IRISH WRECK LEGISLATION

Wrecks over 100 years old and archaeological objects found underwater are protected under the National Monuments (Amendment) Acts 1987 and 1994.  Significant wrecks less that 100 years old can be designated by Underwater Heritage Order (UHO) on account of their historical, archaeological or artistic importance as is the case with the wreck of the RMS Lusitania lost off the Old Head of Kinsale in 1915.  UHOs can also be used to designate areas of seabed or land covered by water to more clearly define and protect wreck sites and archaeological objects . https://www.archaeology.ie/underwater-archaeology

Corkshipwrecks.net  /  info@corkshipwrecks.net  /  site first uploaded 24th September 2002
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Q-Ships of the Queenstown Command

The Q-Ship, or Decoy Ship has been a tactic of maritime warfare since earliest times. Put simply, it involves a ship flying the flag of a neutral or ally, with perhaps a false name and hidden armaments. This fools an attacker or target until it is too late, and the element of surprise is of great advantage to the 'victim' turned attacker.


These 'Trojan Horses' of maritime warfare were used by nations such as Britain France Holland and Spain since the 16th Century in an informal way. It was not until World War One that they were organised on a command scale. Winston Churchill, First Lord of the Admiralty, was credited with the organisation of the Royal Navy Q-Ships.


Haulbowline Dockyard, in Cork Harbour was responsible for the conversion of many mercantile steamers to armed decoy ships. The majority however appear to have been converted in larger navy yards such as Devonport.


Some Q-ships were not converted merchant vessels, but a type of naval ship called a sloop. These were single-screw naval patrol craft, but some classes had the passing appearance of a merchant ship.



The effectiveness of the Q-ship was greatest in 1916, but in the latter years of the war the 'game was up' with the enemy treating any innocent ship with great suspicion. It could be argued that they contributed in some way to the casualties amongst merchant seamen as attacks without warning became the norm.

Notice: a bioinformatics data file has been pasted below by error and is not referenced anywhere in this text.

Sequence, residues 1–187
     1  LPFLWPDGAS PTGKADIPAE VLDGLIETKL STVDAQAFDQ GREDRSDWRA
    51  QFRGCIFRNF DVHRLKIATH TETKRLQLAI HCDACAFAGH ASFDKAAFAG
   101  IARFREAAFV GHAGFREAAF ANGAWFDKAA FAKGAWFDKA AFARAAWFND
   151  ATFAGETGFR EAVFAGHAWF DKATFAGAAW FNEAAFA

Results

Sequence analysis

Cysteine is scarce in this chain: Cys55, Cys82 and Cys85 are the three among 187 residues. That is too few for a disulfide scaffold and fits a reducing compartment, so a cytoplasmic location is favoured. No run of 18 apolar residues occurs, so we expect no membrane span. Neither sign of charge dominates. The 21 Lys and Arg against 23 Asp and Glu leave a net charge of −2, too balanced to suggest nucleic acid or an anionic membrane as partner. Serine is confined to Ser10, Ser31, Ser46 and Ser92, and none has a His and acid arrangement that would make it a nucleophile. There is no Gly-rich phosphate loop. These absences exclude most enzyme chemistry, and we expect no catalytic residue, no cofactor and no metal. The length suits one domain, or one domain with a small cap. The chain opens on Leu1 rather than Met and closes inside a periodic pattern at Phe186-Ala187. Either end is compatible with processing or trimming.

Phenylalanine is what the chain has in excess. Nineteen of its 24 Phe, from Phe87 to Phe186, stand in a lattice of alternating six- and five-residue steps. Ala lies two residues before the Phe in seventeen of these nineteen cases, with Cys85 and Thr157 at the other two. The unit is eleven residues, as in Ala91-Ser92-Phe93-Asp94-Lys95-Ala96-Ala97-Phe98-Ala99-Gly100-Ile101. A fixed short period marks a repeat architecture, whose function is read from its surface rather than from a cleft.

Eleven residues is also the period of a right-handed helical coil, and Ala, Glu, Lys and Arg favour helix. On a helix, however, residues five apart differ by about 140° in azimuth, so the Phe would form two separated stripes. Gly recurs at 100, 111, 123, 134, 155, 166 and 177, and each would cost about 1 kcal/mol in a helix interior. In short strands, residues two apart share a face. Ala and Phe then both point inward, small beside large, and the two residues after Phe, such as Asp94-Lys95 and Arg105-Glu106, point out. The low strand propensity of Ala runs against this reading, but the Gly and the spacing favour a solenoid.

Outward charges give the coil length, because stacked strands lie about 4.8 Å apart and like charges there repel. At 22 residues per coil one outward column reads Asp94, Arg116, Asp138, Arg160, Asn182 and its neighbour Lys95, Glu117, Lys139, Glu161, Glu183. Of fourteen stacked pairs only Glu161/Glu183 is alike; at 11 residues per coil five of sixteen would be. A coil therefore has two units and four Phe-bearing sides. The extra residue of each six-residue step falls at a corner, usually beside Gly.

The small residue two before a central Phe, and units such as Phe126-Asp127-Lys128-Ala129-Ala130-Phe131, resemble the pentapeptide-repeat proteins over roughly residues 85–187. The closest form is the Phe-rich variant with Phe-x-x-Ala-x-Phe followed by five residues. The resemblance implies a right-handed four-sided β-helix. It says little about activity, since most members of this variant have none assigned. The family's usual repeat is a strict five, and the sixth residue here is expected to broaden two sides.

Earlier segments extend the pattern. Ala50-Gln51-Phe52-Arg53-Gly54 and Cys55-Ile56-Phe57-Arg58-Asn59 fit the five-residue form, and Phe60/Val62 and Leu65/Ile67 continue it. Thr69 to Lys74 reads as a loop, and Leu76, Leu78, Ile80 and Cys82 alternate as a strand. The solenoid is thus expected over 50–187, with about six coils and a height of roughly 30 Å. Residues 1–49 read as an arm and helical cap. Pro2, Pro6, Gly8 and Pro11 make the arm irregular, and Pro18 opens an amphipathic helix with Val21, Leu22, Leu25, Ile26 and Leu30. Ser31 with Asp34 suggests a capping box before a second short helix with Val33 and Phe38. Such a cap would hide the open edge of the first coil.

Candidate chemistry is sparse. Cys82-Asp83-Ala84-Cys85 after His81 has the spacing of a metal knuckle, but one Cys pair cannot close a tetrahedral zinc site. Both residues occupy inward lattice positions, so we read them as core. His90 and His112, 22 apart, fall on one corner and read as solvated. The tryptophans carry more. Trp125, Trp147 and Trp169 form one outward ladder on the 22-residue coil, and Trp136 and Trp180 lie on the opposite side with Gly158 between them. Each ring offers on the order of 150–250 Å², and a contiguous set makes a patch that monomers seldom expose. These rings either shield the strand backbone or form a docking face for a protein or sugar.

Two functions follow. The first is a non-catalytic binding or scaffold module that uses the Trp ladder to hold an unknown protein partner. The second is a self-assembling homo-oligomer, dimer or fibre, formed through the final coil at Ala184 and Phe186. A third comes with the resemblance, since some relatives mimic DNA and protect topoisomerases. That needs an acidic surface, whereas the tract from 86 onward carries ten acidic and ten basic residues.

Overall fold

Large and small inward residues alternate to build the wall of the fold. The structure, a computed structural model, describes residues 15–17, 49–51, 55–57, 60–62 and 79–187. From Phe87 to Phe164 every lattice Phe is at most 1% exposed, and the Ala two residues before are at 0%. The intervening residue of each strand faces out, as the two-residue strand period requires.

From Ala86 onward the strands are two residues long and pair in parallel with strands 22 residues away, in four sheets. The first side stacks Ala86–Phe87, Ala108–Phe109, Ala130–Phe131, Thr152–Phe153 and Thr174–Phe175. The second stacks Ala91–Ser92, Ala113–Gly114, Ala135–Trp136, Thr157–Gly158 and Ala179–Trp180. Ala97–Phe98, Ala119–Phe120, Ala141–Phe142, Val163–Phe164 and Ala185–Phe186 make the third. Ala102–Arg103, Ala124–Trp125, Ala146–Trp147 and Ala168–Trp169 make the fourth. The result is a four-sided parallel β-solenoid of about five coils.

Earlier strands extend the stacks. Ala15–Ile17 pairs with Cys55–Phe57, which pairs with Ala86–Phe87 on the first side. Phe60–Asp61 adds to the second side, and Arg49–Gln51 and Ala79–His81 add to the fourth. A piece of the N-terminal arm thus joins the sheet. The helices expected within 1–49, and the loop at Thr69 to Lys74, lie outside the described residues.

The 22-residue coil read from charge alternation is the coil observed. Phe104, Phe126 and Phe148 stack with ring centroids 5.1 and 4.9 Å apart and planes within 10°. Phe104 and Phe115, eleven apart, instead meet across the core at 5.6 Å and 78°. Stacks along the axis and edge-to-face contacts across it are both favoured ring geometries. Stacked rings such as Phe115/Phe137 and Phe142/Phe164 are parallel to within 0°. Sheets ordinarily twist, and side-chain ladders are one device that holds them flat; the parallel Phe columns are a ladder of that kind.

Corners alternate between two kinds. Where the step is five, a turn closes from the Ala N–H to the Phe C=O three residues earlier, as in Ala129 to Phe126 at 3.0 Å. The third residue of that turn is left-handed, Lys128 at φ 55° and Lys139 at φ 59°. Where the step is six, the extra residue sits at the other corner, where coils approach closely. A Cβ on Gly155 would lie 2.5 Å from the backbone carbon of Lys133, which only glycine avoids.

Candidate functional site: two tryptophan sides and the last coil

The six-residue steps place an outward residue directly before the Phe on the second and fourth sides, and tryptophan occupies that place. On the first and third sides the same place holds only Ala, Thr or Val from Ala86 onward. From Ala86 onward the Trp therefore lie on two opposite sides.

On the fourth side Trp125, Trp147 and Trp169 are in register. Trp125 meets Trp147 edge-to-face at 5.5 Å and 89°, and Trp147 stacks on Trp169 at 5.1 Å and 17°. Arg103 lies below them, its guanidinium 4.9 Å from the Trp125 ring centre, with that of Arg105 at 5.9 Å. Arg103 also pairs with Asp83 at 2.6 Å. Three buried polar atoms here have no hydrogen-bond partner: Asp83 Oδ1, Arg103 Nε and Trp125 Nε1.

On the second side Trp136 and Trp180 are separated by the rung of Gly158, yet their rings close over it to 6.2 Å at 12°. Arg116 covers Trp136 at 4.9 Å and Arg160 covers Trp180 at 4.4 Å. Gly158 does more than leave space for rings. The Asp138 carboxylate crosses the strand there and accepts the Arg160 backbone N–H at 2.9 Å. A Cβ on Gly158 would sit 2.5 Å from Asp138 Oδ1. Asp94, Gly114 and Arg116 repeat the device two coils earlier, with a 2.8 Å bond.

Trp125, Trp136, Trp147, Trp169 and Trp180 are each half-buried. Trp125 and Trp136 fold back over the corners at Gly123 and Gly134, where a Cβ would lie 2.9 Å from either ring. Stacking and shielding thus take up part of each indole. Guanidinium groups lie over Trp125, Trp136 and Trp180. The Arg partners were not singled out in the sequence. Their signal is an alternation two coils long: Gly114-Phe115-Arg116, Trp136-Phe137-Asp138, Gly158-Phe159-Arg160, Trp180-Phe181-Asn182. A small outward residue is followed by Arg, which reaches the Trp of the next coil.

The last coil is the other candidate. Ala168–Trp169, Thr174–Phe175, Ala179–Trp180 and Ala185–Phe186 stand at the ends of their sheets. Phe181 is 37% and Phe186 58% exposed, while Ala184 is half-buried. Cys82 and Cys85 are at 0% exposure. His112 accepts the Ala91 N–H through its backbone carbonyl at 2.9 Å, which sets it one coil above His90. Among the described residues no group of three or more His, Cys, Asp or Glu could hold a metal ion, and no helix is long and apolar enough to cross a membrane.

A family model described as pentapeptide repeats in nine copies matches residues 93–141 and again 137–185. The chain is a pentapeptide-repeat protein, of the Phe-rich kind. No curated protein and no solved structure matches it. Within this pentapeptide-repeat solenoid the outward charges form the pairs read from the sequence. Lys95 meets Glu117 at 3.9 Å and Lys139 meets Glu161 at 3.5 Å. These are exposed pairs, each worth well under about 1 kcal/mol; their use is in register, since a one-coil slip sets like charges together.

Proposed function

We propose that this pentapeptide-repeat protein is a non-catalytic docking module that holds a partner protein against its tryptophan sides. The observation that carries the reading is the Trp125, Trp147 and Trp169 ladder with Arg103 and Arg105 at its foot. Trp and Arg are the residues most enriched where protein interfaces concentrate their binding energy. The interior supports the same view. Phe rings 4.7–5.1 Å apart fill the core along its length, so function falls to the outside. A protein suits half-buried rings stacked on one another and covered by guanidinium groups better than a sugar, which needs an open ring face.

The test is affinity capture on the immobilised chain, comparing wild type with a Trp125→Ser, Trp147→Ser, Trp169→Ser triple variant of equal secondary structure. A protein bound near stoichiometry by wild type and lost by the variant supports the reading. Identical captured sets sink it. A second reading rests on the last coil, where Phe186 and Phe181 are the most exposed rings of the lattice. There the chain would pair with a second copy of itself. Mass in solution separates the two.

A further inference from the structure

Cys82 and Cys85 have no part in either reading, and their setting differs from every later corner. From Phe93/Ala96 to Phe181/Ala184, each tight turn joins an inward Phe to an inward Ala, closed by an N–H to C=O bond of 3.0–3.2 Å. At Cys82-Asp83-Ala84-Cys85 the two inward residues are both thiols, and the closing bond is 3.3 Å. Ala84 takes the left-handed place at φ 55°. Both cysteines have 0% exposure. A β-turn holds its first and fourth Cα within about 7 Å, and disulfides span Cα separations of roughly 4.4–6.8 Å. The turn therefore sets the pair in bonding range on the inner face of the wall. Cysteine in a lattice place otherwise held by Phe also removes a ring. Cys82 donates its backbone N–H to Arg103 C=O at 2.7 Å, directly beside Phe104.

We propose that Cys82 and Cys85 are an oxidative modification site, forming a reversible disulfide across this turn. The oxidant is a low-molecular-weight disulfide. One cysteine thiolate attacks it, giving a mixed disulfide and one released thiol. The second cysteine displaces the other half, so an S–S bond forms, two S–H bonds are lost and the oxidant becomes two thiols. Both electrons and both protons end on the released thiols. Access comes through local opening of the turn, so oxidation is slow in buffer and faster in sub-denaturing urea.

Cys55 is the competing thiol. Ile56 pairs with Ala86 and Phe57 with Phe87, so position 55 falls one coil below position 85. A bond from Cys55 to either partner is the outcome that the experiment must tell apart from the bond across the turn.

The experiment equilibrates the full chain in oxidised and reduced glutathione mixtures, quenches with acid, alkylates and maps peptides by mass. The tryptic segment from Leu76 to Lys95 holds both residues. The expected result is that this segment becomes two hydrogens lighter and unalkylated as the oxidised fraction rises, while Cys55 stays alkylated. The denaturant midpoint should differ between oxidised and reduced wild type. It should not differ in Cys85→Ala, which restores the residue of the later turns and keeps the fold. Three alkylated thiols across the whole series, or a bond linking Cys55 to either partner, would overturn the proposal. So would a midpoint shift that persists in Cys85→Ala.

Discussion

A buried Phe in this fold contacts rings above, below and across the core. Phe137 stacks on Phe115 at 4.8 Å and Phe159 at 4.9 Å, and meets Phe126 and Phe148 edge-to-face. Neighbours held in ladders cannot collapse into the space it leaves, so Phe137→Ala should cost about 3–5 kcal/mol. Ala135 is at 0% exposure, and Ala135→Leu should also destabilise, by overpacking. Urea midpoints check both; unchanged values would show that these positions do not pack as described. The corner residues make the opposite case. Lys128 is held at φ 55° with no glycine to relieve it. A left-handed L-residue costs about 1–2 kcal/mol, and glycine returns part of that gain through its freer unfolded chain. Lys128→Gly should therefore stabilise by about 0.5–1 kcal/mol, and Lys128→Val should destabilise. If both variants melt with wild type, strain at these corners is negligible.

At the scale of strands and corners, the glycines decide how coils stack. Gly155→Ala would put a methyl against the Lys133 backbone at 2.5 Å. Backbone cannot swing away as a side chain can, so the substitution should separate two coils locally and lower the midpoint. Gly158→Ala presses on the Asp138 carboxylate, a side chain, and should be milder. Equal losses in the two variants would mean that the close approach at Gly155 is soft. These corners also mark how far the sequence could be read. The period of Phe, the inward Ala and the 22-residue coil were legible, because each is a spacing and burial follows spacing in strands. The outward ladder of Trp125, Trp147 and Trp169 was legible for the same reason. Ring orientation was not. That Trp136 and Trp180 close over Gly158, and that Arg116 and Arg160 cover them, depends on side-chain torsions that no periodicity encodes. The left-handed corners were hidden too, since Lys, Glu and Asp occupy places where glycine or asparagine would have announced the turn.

At the beginning of WW1 'Prize Rules'-a system of stop and search had been generally observed with merchant ships. As the War progressed there were the Q-Ships, a policy of deliberate ramming , and the arming of merchant ships (DAMs), to contend with. Submarine commanders were more likely to take the tactic of the unobserved torpedo attack, or shelling from a long distance, with less chance for the ships crew to take to the boats.


Aug 21 1917 Commander Wortman of USS Porter, stated at the end of a confidential report -

"The impression prevails that Q Boats have rather outlived their usefulness - the enemy are on to them "


The officers and crews of some Q-Ships such as the Baralong, were accused of war crimes, including the slaughter of unarmed combatants, while some others were accused of the ill-treatment of prisoners. There were however also incidents of great heroism and humanity among their crews.


The effectiveness of the Q-Ship during WW1 is a matter of some debate. There were 14 submarines credited as destroyed, but at a loss of 27 Q-ships, some with their entire compliments of highly trained crew.


Q-Ships were tried on a limited scale in World War Two, but were quickly disbanded.


The WW1 Q-Ships of the Royal Navy were organised by their commands and fought in almost all theatres of war. The commands were:

Vice-Admiral Commanding. Queenstown.
Commodore in Charge. Falmouth
Vice-Admiral. Milford Haven
Vice-Admiral Commanding. Orkneys and Shetland
Commander in Chief, Rosyth.
Senior Naval Officer. Granton
Rear-Admiral East Coast
Commodore. Lowestoft
Senior Naval Officer. Malta
Vice Admiral Commanding. Eastern Mediterranean
Rear Admiral. QCS
Commander in Chief. Portsmouth
SE Coast America
Rear Admiral. Stornaway


Fleet List of Q-Ships of the Queenstown Command

Designation

Name(s)

Service

Q 1

Perugia
(Moeraki)

1915 - Sunk December 1916

Q 2

Intaba
(Waitono)

( Waitopo)

Q-Ship 1916 to 1917

Q 3

Barranca

(Echunga)

1916 - torpedoed/damaged 1917 returned 1917

Q 4

Carrigan Head
(Carrington Head)

Q Ship 1916-1917

Q 5

Loderer

(Farnborough)

Q Ship 1916 to 1918

Q 6

Zylpha

Q Ship 1915 - sunk 1917

Q 7

Penhurst

(Manford)

Q Ship 1915 - Sunk 1917

Q 8

Vala

1915- Sunk 1917

Q 10

Begonia
(Dolcis)
(Jessop) - sloop

Q Ship1917 - Sunk 1917

Q 11

Tamarisk -sloop

Q Ship 1916 -1918

Q 12

Tulip-sloop

Q Ship 1916 -Sunk 1917

Q 13

Aubretia

(Kai)
(Winton)
(Zebal) - sloop

Q Ship 1916 to 1918

Q 14

Viola

(Damaris)
(Cranford) - sloop

Q Ship 1916 - 1918

Q 15

Salvia - Sloop

Q Ship 1916 - Sunk 1917

Q 16

Heather

(Bywater)

(Lizette)

(Seetrus)  - sloop

Q Ship 1916 - 1918

Q 25

Lady Patricia,

(Anchusa)

(Paxton)

(Tosca)

Q Ship 1917 - Sunk 1917

Q 34

Acton

(Harelda
(Woffington)

(Gandy)

Q Ship 1917 to 1918


No 'Q' number

                              Designation


Jurassic

(Westphalia)
(Cullist)

(Hayling)

(Prim)

Q Ship 1917 - Sunk 1918

No 'Q' number

                              Designation

Stonecrop
(Ravensotone)

(Glenfoyle)

(Dunlevon)

Q Ship 1917 - Sunk 1917

No 'Q' number

                              Designation

Santee - former Arvonian
(only US Navy Q-Ship of WW1)

Q Ship 1917-torpedoed and removed from service.

No 'Q' number

Baron Rose

Three masted American Schooner,  under temporary command, Coast of Ireland Station, November 1918

WW1 Convoys from Queenstown

List of Admirals Commanding in Ireland

A Brief History of the Royal Navy in Cork

WW1 British Submarines based in Ireland

Royal Navy Ships in Cork